93. This is a very insightful comment, and I feel like you're onto something. I've noticed the same things. I think there's many positive aspects to Gen Z, as with any generation, so I don't want to just rag on them, but I have noticed that harshness to the ones I've encountered as well. I feel like Millennials and Gen Z are advocating for many of the same causes, but in different ways. I think you're right that Millenials fought to be more soft and vulnerable, whereas Gen Z has more of a "Fuck you, this is how things are, no discussion allowed. Don't even try to question anything I believe or you're a terrible person." attitude. Maybe some of that harshness is warranted or even needed but I can't help but feel like the pendulum has swung too far in the opposite direction. It feels like Gen Z has a more divisive "us against the world" attitude... which funny enough you also see more in the Baby Boomers, who the Gen Z hate. It's interesting.

  94. Children’s education, attitude, and manners. As a teacher, there is definitely a noticeable difference after covid in these things. The attitudes and blatant disrespect is unbelievable. I don’t take any of it personally so it doesn’t wear on me so much, but I can absolutely see why some teachers are burnt out because of it.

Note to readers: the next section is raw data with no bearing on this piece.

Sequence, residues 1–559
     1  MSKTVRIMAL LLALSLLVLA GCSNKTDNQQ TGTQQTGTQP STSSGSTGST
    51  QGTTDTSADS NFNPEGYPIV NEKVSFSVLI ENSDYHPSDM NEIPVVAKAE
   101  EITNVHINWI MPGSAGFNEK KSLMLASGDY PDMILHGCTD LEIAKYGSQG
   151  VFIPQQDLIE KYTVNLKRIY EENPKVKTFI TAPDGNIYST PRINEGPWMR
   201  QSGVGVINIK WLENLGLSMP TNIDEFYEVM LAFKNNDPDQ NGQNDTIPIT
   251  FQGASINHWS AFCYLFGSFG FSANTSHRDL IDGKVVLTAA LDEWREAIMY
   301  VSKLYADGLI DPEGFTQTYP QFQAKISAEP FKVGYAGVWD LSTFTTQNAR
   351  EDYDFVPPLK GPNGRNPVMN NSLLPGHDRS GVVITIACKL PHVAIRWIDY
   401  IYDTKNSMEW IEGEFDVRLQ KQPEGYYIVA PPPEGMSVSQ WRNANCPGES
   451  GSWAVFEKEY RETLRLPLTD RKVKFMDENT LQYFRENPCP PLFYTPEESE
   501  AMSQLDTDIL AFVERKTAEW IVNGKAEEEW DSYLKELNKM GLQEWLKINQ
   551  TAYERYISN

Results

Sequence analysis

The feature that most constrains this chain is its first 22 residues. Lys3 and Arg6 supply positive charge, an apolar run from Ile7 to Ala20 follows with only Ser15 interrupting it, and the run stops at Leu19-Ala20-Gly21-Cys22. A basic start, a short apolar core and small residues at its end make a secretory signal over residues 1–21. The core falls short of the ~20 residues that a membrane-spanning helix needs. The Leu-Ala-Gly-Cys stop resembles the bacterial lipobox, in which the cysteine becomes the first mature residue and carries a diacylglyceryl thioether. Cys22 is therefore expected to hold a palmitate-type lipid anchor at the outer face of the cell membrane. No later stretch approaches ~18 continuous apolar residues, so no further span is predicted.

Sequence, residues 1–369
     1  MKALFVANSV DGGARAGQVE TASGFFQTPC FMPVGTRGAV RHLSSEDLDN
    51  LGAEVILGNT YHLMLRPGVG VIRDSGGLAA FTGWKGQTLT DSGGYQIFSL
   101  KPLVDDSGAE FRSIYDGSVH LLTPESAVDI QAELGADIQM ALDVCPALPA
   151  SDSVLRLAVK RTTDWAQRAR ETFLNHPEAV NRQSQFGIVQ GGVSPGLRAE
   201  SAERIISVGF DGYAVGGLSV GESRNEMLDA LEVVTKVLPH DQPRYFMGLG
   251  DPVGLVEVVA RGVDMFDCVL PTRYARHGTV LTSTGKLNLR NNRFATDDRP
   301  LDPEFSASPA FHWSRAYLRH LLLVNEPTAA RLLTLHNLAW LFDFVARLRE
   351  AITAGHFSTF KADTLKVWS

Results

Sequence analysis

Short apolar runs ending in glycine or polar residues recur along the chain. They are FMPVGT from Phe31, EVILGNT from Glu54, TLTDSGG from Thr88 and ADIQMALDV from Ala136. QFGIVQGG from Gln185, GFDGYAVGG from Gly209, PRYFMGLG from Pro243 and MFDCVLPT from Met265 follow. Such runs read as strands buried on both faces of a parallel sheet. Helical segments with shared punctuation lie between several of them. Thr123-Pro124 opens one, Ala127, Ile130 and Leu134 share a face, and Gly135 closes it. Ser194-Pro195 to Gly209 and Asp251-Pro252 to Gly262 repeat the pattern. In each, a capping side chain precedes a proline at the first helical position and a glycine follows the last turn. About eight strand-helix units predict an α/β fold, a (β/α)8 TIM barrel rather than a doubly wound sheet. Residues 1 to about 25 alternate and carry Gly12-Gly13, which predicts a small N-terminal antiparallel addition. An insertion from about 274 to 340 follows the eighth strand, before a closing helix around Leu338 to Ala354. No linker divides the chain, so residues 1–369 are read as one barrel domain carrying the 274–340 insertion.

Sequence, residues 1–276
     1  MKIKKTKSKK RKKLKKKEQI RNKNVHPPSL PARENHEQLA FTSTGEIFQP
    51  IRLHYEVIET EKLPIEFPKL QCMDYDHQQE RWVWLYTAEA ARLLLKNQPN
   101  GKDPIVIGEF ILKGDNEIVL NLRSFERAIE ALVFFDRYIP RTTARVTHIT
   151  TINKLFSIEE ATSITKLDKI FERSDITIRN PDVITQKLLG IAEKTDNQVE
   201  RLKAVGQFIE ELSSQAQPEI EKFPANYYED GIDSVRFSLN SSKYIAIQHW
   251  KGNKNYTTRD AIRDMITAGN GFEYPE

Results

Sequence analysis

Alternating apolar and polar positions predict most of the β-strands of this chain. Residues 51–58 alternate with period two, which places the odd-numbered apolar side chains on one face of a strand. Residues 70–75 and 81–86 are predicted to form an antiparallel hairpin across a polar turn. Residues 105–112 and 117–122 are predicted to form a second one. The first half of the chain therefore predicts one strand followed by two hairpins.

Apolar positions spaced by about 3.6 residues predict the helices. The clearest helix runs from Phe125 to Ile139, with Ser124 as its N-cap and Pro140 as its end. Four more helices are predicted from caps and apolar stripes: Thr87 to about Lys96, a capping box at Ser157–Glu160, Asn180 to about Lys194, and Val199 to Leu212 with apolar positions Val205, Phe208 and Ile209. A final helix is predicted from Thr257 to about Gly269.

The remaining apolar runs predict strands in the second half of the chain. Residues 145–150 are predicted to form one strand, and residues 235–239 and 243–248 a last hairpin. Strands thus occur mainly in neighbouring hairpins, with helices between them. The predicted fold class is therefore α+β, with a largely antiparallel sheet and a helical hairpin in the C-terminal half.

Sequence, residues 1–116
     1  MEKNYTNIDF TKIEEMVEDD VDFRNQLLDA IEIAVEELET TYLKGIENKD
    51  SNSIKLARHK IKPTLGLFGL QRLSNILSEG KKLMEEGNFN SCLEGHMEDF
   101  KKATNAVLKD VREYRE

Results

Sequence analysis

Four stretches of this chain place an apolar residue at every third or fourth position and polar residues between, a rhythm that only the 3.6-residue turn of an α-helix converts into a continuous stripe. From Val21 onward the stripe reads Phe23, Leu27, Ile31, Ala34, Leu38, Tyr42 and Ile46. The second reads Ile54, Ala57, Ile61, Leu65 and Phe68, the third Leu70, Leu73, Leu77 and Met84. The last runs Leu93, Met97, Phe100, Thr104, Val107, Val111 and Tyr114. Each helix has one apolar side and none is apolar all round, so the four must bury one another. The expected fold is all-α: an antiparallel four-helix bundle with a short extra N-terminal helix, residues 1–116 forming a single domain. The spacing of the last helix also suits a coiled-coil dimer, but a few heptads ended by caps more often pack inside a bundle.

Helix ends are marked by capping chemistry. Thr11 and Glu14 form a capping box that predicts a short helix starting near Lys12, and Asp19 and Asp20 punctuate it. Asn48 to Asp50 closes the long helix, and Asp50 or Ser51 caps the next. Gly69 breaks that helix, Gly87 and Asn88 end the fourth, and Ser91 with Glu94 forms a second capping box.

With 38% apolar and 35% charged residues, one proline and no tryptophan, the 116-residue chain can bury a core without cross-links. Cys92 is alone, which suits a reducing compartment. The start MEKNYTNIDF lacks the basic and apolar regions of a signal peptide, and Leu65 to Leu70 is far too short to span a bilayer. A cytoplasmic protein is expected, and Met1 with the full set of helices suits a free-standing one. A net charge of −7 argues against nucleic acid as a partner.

95. I gave up in the midst of the pandemic because the district I was placed in for student teaching actively fucked numerous teachers over by cutting funding for EdTech tools we were using without warning. An entire week's worth of lessons I spent twelve hours over a weekend planning got flushed down the drain overnight due to something completely out of my control.

  96. I feel for you. My son (he's a senior in HS) and all of his friends talk about this all the time too. They talk about how so many of the underclassmen just don't know how to act. The principle explained it to me as this: Basically these schools are being left to deal with entire classes of freshmen and sophomore students who hadn't really attended school in person or anything else with a large amount of people since elementary (we were virtual 2 years) and early middle school. Since so much important social development occurs over the Jr. High years, this has stunted these kids in ways that few anticipated and the problem is so large scale that nobody really has any solutions yet. To make matters worse, most of the socialization that did take place was solely online on SM and in Gaming chats where the rules of in-person society don't really apply and can't be taught.